- In my experience, men are less emotional than women in their written communications, seldom using exclamation marks and almost never using an emoji.
Fe-Mail to E-Male
Here is the same email in “waffle” form.
Are you available to do your quarterly update Wednesday, June 28 at 10 a.m. EST or Thursday, June 29 at 2 p.m. EST?
‘Waffles’ are mandatory for skimmers and scanners
Recently, I was setting up times to do panel preparation for an upcoming conference. I received the following email from one of the three women who were going to be on the panel
“Bernice, the July 28 is not doable at all, July 27 works in the late afternoon (3 p.m. or later). July 25 is technically open, but I’m supposed to be on call for budgets so if something comes up, I’d have to bail. So my best bet is July 27 in the afternoon.”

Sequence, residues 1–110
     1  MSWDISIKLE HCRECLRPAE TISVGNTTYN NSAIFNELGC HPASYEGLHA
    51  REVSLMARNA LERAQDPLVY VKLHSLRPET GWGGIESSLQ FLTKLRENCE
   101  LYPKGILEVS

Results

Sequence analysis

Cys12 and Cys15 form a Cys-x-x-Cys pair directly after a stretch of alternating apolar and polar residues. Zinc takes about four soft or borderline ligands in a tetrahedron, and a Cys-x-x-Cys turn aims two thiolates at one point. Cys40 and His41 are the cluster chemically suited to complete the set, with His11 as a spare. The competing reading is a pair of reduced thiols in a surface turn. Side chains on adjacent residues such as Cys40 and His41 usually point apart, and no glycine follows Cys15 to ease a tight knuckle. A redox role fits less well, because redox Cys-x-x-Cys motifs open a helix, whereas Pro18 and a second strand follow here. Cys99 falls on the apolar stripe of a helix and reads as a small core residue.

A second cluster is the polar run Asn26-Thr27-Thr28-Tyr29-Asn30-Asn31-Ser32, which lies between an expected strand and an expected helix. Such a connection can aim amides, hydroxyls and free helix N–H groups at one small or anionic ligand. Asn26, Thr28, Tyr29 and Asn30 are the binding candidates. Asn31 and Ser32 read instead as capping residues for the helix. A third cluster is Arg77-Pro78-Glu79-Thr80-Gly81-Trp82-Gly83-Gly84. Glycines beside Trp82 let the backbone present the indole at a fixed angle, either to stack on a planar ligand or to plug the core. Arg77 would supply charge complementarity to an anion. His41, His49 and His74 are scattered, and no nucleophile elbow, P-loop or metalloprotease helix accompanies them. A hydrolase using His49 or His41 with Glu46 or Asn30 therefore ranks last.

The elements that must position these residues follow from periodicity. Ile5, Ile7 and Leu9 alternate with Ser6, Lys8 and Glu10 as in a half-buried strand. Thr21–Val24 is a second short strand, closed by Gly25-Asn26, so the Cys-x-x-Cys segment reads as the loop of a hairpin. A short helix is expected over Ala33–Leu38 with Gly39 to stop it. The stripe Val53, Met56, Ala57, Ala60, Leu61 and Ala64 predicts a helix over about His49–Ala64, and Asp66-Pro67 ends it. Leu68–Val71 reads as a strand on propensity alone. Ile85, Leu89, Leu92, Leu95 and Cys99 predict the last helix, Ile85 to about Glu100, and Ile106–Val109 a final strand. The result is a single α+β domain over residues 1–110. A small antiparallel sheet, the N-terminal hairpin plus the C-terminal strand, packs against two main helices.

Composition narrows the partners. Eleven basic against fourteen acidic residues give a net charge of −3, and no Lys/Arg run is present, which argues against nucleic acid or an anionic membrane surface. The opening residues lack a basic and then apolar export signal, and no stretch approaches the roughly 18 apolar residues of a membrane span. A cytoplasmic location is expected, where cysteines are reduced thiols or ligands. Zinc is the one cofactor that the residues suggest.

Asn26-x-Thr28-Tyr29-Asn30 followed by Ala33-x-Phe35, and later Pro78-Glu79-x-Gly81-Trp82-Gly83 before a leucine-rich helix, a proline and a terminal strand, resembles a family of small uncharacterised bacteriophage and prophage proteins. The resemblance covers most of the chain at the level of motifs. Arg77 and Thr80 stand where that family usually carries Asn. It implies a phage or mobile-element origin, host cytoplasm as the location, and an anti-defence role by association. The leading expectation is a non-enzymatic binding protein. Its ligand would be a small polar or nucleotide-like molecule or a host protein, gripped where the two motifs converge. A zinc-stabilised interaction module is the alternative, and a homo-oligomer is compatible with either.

I happily proceeded to schedule our call at 1 p.m. Pacific on July 27 (which matched the two other women’s schedules) because what I remembered was: “So my best bet is July 27 in the afternoon,” even though “3 p.m. or later” was clearly stated in the first line. The multiple dates and times are confusing.
This Fe-Mail would have been much clearer if it had stated:
“The only time I am available this week is on July 27 after 3 p.m. PST.
Pay attention to the type of communication tool you use
One final recommendation from Goldsmith is to choose your communication tool based on how serious or complicated the communication is. Use text messaging to arrange appointments and other minor tasks, but if you’re negotiating or working on a problem, call, or better yet, meet face-to-face.
Tailor your communication to fit the recipient
Clearly, not all men prefer “waffles,” nor do all women prefer “spaghetti.” The best advice is to look at how your clients communicate and respond in the way they communicated with you.
Bernice Ross, CEO of RealEstateCoach.com, is a national speaker, author and trainer with over 1,000 published articles and two best-selling real estate books. Learn about her training programs at www.RealEstateCoach.com/